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Financial contracts, bankruptcy and product market competition

Povel, Paul (1998) Financial contracts, bankruptcy and product market competition. PhD thesis, London School of Economics and Political Science.

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This thesis consists of three self–contained game–theoretic analyses of the contractual relationship between borrowers and lenders. A key element of this relation concerning their strategic variables than their opponents. Optimal contracts for different environments are derived and studied. They include ‘bankruptcy’ games, which are designed to structure the parties’ bargaining under certain circumstances. The first chapter questions the idea that being a unique lender to a firm is better than sharing the lender’s role. Even borrowers with poor prospects will apply for loans, if their main goal is to be financed, and re–financed if necessary. With one lender, refinancing is always provided once former loans are ‘sunk’. With two lenders, the situation may be different: inefficient negotiations have to determine how the overall loss is allocated. Some borrowers may therefore not be refinanced, and this may keep borrowers with poor prospects from applying for loans. The second chapter extends this model by adding a timing dimension: a borrower finds out about poor prospects earlier than his lender. He can ask for refinancing, or simply ‘wait and pray’. Either ‘soft’ contracts or ‘tough’ contracts may be optimal contracts: ‘soft’ contracts treat the borrower well if he asks for refinancing, while ‘tough’ contracts don’t (and the lender will not have the option of refinancing). ‘Hybrid’ contracts are strictly worse than the two ‘pure’ types. From this we draw conclusions for the design of bankruptcy laws, and for empirical work on bankruptcy. The third chapter analyses the interdependence of financial and production decisions. Debt contracts are frequently thought to lead to excessive risk taking — in a Cournot setup this means excessive production. At the same time, debt is a costly type of financing, which should reduce production. This conflict is analysed in a setting which allows to endogenise ‘debt’ contracts. The main result is that there is no excessive production, and financial constraints reduce output. However, for large levels of ‘inherited’ debt, it may be that output increases in the level of debt.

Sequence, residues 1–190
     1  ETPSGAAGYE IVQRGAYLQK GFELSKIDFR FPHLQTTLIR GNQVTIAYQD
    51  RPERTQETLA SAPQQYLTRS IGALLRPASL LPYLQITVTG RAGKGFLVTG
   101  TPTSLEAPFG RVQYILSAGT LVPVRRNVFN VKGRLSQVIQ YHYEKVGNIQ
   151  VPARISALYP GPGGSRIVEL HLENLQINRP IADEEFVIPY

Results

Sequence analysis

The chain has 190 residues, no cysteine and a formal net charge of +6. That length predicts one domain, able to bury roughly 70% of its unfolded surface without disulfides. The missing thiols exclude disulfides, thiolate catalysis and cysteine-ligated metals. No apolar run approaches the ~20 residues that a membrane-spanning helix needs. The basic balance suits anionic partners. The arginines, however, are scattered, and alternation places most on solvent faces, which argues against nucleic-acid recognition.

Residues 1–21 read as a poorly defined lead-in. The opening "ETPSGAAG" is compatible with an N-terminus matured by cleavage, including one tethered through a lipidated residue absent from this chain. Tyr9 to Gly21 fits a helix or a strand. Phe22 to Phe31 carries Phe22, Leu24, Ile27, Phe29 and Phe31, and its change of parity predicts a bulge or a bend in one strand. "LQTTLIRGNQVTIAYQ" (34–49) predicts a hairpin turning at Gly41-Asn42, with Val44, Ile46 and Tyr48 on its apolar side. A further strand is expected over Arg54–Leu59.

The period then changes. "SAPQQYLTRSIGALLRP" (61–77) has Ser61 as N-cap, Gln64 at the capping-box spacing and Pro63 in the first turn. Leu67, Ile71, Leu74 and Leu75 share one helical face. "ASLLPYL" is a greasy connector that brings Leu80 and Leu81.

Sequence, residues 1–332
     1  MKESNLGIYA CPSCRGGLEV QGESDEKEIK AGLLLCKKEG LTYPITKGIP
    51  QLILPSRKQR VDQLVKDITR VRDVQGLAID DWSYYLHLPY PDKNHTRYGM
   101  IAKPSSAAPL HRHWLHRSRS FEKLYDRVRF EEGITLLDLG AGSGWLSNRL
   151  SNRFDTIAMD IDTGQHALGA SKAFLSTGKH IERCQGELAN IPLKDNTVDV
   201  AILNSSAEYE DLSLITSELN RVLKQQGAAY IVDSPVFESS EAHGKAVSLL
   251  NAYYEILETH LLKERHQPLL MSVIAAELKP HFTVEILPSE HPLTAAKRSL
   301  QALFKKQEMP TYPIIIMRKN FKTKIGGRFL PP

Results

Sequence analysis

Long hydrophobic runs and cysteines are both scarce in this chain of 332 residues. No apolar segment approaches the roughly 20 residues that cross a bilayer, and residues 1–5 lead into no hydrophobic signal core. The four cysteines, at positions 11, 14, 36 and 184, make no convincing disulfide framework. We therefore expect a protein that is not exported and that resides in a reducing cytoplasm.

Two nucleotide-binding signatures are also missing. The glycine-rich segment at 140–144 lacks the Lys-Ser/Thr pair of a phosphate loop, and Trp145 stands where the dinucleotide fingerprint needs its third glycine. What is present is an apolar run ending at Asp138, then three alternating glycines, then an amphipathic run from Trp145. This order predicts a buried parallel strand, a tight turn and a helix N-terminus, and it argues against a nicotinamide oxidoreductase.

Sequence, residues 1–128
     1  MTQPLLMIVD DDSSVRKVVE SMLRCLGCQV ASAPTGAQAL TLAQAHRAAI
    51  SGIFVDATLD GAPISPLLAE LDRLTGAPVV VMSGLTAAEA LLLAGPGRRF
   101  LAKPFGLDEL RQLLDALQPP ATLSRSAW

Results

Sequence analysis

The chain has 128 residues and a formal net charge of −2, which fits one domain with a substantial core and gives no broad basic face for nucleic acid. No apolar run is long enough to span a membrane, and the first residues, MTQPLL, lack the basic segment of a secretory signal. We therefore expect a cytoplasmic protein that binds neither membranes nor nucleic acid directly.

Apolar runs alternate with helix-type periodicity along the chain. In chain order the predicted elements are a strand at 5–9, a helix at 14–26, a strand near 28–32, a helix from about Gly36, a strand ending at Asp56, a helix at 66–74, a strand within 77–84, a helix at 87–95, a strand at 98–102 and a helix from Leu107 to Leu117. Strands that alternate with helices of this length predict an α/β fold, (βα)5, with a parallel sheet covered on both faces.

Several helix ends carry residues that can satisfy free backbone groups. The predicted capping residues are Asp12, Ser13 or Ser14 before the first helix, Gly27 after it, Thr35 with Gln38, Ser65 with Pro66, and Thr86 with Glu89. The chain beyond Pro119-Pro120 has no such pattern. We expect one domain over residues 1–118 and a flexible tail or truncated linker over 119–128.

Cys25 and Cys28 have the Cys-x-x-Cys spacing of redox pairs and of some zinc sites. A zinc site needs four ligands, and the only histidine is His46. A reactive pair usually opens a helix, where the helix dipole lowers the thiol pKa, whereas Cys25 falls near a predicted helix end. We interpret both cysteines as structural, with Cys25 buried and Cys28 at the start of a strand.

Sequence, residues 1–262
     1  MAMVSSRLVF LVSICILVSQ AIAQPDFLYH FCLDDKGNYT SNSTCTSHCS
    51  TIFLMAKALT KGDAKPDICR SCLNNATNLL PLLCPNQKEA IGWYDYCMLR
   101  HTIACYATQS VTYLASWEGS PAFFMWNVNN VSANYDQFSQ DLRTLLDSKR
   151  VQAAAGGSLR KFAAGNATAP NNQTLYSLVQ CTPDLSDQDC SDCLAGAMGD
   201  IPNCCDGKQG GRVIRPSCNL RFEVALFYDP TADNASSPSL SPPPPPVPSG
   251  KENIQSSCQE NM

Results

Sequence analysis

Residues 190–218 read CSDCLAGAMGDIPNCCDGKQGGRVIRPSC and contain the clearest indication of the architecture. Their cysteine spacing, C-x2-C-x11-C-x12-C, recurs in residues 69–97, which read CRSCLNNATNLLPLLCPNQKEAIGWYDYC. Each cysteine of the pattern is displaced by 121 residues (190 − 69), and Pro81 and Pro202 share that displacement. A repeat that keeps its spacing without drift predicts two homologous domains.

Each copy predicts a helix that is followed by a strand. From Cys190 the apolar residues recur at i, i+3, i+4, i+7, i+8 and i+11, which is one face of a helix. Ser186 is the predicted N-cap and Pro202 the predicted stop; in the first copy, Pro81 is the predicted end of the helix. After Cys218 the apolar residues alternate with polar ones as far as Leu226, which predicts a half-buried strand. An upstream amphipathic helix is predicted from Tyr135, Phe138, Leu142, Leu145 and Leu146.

Item Type: Thesis (PhD)
Additional Information: © 1998 Paul Emil Marie Povel
Library of Congress subject classification: H Social Sciences > HG Finance
Sets: Departments > Economics
Supervisor: Bolton, Patrick

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